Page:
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2-perf Aaton article "The Fighter"


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#1 Vincent Sweeney

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Posted 22 September 2010 - 03:56 AM

http://fdtimes.files...elope200pg5.pdf
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#2 Peter Moretti

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Posted 10 January 2011 - 03:23 AM

So, if I'm understanding correctly, 2 perf is printed as 4 perf anamorphic for projection. If that is correct, does this add expense, degrade quality or limit the theaters that can show the release print?

Thanks much.
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#3 Vincent Sweeney

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Posted 10 January 2011 - 04:33 AM

Did The Fighter look degraded to you, compared to anything else that is out right now?

Yes all films are, for the most part, printed 4-perf so theaters that use film to project, which are most, will be able to show it.

I'm not sure about the final exact expense of printing anamorphic but it couldn't be much different since you are still using the same amount of print stock.

You use half the film for shooting (compared to 4), the cameras are easier to work with and 400 ft. loads are light and last 9 minutes. That is much cheaper for sure on the production side.

If you want sterile images free from grain use an Alexa or red.
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#4 David Mullen ASC

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Posted 10 January 2011 - 12:05 PM

So, if I'm understanding correctly, 2 perf is printed as 4 perf anamorphic for projection. If that is correct, does this add expense, degrade quality or limit the theaters that can show the release print?

Thanks much.


The release print is standard 4-perf 35mm, usually scope because most people would choose 2-perf for a 2.35 film. So no limitations for theaters.

Compared to shooting with anamorphic lenses and using the full height of a 4-perf 35mm negative, 2-perf uses less film and would be thus a bit grainier and softer, but compared to shooting in Super-35, where whether you shot 4-perf or 3-perf, you only use about 2 and a 1/2 perfs to achieve a 2.35 image, shooting 2-perf is so similar that the quality difference would be minimal, and most 2.35 movies shoot Super-35 these days, so 2-perf is not going to standout as being softer and grainier than that.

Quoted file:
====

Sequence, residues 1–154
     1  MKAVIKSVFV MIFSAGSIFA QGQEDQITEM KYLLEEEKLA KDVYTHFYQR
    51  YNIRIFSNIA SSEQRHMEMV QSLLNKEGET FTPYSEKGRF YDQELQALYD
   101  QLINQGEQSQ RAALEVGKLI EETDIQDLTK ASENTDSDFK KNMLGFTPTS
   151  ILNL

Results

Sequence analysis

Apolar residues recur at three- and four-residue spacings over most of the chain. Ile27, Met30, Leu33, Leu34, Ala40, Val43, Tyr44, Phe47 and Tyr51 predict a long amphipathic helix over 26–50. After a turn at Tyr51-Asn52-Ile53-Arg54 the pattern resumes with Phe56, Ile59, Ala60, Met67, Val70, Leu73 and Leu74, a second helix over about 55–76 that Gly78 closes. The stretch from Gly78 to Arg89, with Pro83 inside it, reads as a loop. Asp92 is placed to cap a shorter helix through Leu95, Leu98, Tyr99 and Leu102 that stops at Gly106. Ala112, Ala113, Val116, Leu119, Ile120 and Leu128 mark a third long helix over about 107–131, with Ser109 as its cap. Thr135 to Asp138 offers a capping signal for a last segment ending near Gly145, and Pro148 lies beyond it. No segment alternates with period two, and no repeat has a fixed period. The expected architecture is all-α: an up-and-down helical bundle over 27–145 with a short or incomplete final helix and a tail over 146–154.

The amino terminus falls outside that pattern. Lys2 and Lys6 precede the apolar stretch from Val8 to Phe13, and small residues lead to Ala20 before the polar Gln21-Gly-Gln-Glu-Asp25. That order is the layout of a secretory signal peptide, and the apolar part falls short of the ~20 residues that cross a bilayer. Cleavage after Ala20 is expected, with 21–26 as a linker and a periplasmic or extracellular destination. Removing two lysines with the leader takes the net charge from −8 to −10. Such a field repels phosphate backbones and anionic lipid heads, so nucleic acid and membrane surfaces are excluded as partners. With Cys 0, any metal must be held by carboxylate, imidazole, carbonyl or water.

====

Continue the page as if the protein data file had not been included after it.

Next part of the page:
Shooting 2-perf saves money in terms of stock. The only limitations is making sure your telecine for dailies and your scanner for the D.I. can handle a 2-perf negative, and most can these days. The other limitation is a lack of 2-perf projectors at labs if you plan on printing tests of the negative and projecting them -- you may have to watch them projected in 4-perf and see two images on the screen.

Actually the biggest limitation is merely the lack of modern 2-perf sync-sound cameras to rent, there are not that many yet on the market.
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#5 Mark Dunn

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Posted 10 January 2011 - 12:17 PM

The other limitation is a lack of 2-perf projectors at labs if you plan on printing tests of the negative and projecting them -- you may have to watch them projected in 4-perf and see two images on the screen.


That's no great hardship. I've viewed standard-8 on a Steenbeck. It's a little tricky to read action but no problem for evaluating the photography, I wouldn't have thought.
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#6 David Mullen ASC

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Posted 10 January 2011 - 05:44 PM

I just saw "The Fighter" this afternoon, digitally projected... the image quality was similar to other Super-35 movies, maybe just a tad "grittier" but that's partly a function of the more documentary style of shooting.
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#7 David Mullen ASC

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Posted 11 January 2011 - 12:56 PM

I did see a bit more vertical gate flare than I normally see in movies, around bright windows behind people's heads... I wonder if that's what I saw, and if so, if Aaton can make a black 2-perf gate?
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#8 Gregory Irwin

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Posted 12 January 2011 - 09:00 PM

I did see a bit more vertical gate flare than I normally see in movies, around bright windows behind people's heads... I wonder if that's what I saw, and if so, if Aaton can make a black 2-perf gate?


Blacking out the gate has little effect on gate flares. I've shot extensive tests on this subject. Since Super 35 uses the majority of the full aperture area (horizontally) the light passing through the lens will refract off of the gate regardless of it's color and end up flaring within the frame. It's an unfortunate by-product of the format. Even the Cooke S4s will produce gate flares when they're not supposed to flare at all. Having said the above, gate flares are not limited to the Super 35 format. All formats can experience them.

Gate flares will occur mostly when a specular light source is seen inside of the full aperture area but outside of the frame lines. Once the light source is included in the frame, the gate flare will cease to exist. Similarly, once it's excluded from the full aperture, it will most likely not occur. Let the debate begin!

G
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